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Signs You May Be Enabling Your Loved One’s Addiction

Signs You May Be Enabling Your Loved One’s Addiction

An addict will do virtually anything to get his or her hands on drugs or alcohol. In fact, addiction is a relentless compulsion that causes many addicts to behave in ways they would not otherwise consider. This can include taking advantage of and manipulating their loved ones to help them continue their addiction. However, are you subconsciously enabling your loved one’s addiction?

It is common for family members to believe they are helping their addicted loved ones when, in reality, they are acting as enablers. Whether you are a parent, spouse, sibling, or friend of an addict, how can you tell if you are helping or enabling their addiction?

What is Enabling?

There is a very fine line between helping or enabling your loved one’s addiction. Sometimes, it can be hard to decipher between the two. In general, enabling is doing things for someone that they could and should be doing themselves. Enabling is often done with the intent of reducing feelings of guilt, anxiety, or hopelessness in someone else.

If you are enabling your loved one’s addiction by doing things like bailing them out of jail or lying to cover for their drug use, you may actually be making matters worse. This is because enabling doesn’t help the person learn how to deal with their problems, nor does it force them to take responsibility for their actions.

Some of the most common ways you may be enabling a loved addiction are:

  • Providing them with money to support their habit
  • Providing them with shelter
  • Downplaying the severity of the problem
  • Providing emotional support
  • Lying on their behalf to shield them from consequences
  • Rationalizing their behavior or making excuses for them

5 Common Signs of Enablement

  1. Ignoring the addict’s negative or potentially dangerous behavior. Addiction is a progressive disease, and if left untreated it will only get worse. By overlooking or rationalizing your loved one’s behaviors you are denying the severity of their addiction. If someone is struggling with addiction they need support to help them find treatment so they can begin recovery.
  2. Unable to express emotions or ignoring your loved one altogether. It can be hard to know how to correctly act when being around someone suffering from addiction. It can seem like walking on eggshells and never knowing the right or wrong thing to say. Rather than trying to understand and express these emotions, you may choose to avoid the situation or the person completely. This is enabling because not saying anything is allowing the addiction to continue.
  3. Making excuses for your loved one. If you find yourself making up excuses and covering for your loved one’s addiction, you may be an enabler. You can’t control their actions or behavior, but you can control how much of the responsibility that comes with those choices you take on. Making excuses for your loved one’s addiction is only allowing the behavior to continue. In reality, the only thing you are doing is giving a reason why it is happening.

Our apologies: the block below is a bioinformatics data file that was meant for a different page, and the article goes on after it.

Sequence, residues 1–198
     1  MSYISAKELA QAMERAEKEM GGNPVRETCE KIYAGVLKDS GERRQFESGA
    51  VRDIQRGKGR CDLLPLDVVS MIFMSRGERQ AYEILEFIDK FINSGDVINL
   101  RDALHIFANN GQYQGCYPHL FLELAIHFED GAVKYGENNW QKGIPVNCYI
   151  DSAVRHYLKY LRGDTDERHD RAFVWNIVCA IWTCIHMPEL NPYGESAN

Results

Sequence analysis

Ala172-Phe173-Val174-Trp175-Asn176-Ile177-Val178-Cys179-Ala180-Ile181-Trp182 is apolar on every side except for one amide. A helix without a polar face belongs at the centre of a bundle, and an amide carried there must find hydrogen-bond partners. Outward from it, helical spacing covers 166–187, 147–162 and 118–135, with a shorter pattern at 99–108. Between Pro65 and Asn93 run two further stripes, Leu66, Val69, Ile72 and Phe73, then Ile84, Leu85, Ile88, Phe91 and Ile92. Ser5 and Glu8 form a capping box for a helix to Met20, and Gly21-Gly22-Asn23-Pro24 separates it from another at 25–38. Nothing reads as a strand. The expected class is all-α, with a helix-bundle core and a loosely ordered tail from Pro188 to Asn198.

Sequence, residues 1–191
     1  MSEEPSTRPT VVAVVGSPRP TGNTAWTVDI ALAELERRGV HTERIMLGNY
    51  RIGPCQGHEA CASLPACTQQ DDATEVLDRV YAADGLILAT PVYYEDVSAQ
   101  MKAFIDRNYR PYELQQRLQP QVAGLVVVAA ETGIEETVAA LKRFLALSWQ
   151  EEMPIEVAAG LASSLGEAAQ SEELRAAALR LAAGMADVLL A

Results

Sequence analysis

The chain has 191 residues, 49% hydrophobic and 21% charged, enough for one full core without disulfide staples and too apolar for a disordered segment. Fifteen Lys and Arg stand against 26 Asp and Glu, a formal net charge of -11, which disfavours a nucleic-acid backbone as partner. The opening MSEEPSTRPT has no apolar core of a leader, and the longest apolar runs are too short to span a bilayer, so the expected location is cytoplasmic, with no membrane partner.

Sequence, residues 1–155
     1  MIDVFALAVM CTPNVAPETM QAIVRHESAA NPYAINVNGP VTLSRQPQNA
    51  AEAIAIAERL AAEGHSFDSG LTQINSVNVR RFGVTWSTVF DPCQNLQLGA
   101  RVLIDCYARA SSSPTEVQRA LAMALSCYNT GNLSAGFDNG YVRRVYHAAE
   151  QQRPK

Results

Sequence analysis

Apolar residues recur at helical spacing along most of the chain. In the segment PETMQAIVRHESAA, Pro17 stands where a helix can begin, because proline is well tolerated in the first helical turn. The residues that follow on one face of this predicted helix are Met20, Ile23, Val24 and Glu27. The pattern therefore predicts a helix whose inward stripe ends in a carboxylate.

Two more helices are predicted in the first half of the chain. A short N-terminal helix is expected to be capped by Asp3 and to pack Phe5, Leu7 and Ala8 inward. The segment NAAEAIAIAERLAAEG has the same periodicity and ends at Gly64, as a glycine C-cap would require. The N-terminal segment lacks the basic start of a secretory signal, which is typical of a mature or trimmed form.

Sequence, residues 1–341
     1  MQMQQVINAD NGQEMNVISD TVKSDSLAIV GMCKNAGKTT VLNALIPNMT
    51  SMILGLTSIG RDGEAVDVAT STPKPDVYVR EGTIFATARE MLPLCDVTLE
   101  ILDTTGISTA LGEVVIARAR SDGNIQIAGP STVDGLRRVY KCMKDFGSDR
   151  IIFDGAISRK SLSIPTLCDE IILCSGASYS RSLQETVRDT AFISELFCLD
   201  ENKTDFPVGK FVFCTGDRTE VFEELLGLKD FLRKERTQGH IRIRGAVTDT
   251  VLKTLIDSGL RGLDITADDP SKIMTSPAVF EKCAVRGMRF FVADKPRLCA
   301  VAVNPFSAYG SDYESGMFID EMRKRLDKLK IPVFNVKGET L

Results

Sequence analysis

4. Putting the addict’s needs before your own. The people in your life hold value regardless of their relationship with you. Sometimes when we become so wrapped up in making sure our loved one’s needs are met, our own needs go unmet. It is important to take care of yourself and to remember what matters most is your health, happiness, and safety.
  5. Supporting the addict financially. Sometimes the best thing you can do for a loved one struggling with addiction is to cut them off financially. This can be very difficult because you will see them struggle. However, helping them with rent, gas, groceries, or any other financial responsibility is only making it easier for your loved one to continue spending money on drugs and alcohol.

How to Best Help Your Loved One

It is important to confront your loved one with an open heart and open mind. Anger and frustration or sadness and disappointment will only put more guilt on your loved one who is struggling with something so difficult. It is important to set boundaries while ensuring your loved one that you are there to help them get help.

Making tough choices is hard especially when you see the struggle firsthand. It is not an easy action to take, but it can be necessary for the safety and well-being of your loved one and your family as a whole. Sometimes you have to detach with love so that you can help guide them towards treatment.

If you need guidance or are unsure what the next step is contact the Harm Reduction Center in South Florida. Harm Reduction Center is a private healthcare facility that provides highly individualized service to clients, offering Integrated Medication-Assisted Treatment and all outpatient levels of care. We know how hard it is having to watch your loved one struggle with addiction and we are here to help you get them the treatment needed to turn their life back around.

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